Stories speak the multi-cultural, multi-lingual language of planet-dwelling humans. Earth dwellers feverously tune into tales of atmospheric conditions; of epic political sagas; of torrential upheavals; of devastating turns of events and of the freakish, while somehow entertaining, foibles and escapades of our own, human-kind. We live, learn, breathe, slop, slog, thrive and strive in story. Then, by our cosmically engineered, inherent design; we repeatedly tell them. The more we tell, the better they become.
The stories, the stories of our lives, and their fated or ill-fated destinations are real. Story is real. It doesn’t matter if it fiction, nonfiction, noodlehead, legendary or mythological. A story and the story of the story is real. Our words and our intentions become story’s living reality. A story, at its core, is us and about us. In story, as in life, we get to choose. We get to choose, to keep, to deliberate, to hide, to stuff, to revisit, to camouflage, to evacuate, to refurbish, to refresh, to retell or to let go. Stories, the meaning we attach to the events of our lives, as we attempt to process or to make sense out of what happened:
OK it did happen . . . I don’t know how I can keep going . . . It’s not fair . . . I didn’t do anything . . . What right do they have . . . How can people be so happy, don’t they get it? The list goes on.
The responses and the feelings we put behind these stories add life and vitality to the living realism of their humorous, adventurous, off the cliff, disastrous or otherwise impeded or unimpeded journey. They can make it feel as if what happened in the past is still happening in the present. They can make it feel as if we are stuck or held prisoner in the events and repeating images of what already has happened. Moving out of the story may mean stopping the story. It may mean recrafting the story. It may mean taking a minute to ask ourselves; Is this happening right now?”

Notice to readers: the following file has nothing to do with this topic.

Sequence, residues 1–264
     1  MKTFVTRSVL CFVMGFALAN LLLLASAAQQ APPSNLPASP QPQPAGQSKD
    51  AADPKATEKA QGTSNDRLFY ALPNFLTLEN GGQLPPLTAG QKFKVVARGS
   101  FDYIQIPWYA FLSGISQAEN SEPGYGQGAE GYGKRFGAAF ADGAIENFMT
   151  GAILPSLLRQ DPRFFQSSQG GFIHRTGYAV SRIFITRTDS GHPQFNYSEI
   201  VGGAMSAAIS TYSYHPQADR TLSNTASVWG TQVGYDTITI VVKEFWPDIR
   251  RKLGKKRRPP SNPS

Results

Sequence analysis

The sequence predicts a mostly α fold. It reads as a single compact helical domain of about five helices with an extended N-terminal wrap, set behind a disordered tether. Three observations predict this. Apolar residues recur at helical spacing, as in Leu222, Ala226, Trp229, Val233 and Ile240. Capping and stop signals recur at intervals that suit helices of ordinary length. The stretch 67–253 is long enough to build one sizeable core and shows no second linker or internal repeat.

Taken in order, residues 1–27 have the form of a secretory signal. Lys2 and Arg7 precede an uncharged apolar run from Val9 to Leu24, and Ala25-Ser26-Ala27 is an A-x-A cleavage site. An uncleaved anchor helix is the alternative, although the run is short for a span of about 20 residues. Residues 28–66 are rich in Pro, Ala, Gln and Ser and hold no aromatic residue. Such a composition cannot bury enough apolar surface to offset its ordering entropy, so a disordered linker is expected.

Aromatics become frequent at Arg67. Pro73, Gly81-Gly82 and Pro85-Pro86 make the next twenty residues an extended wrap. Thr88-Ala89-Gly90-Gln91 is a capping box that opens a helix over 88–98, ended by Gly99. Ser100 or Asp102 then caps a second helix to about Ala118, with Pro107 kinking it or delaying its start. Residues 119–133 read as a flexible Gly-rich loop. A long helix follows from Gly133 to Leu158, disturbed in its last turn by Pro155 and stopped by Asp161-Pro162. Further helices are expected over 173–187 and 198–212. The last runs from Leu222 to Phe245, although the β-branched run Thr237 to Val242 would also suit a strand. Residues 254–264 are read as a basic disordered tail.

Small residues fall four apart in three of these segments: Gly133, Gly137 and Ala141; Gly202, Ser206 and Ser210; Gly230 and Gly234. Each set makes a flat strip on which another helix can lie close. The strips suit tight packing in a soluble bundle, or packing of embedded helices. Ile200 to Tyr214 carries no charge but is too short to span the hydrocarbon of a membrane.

My guess is the answer is no. At this moment the story, our story, has changed. We are no longer a victim but the decision maker making an impact on the story of our experiences.
It’s our lives. We get to choose the story of our experiences. We get to choose and how often this story is told. We get to choose when and where the story is told. We also get to choose when to change it or when to let it go.
One way to refurbish and retell an old story, especially a painful one, is to briefly revisit the experience. If the story still feels overwhelming, just ask yourself; Right now, in this moment, am I safe? In revisiting the experience of the story, look for and identify things which went well, things which went better than expected, things which prevented a bad situation from getting worse or things which you or someone else never imaged or expected again could do.
Remaining calm in the moment.
Supporting the people around us with certainty and clarity when we ourselves were facing indescribable amounts of fear and uncertainty.
Acknowledging our strengths and our courageous actions.
Identifying something we never imaged we could do but we did it anyway such as:
Going back to work the next day.
Reaching out for help.
Standing up in court.
Making a decision that lessened the impact of what was happening or did happen.
So let’s take a moment and give ourselves credit for being the remarkably exceptional and incredibly wonderful individuals we truly are. Sometimes we forget to acknowledge our courageousness, our strengths and our resourcefulness. Herein, lies another amazing story to tell.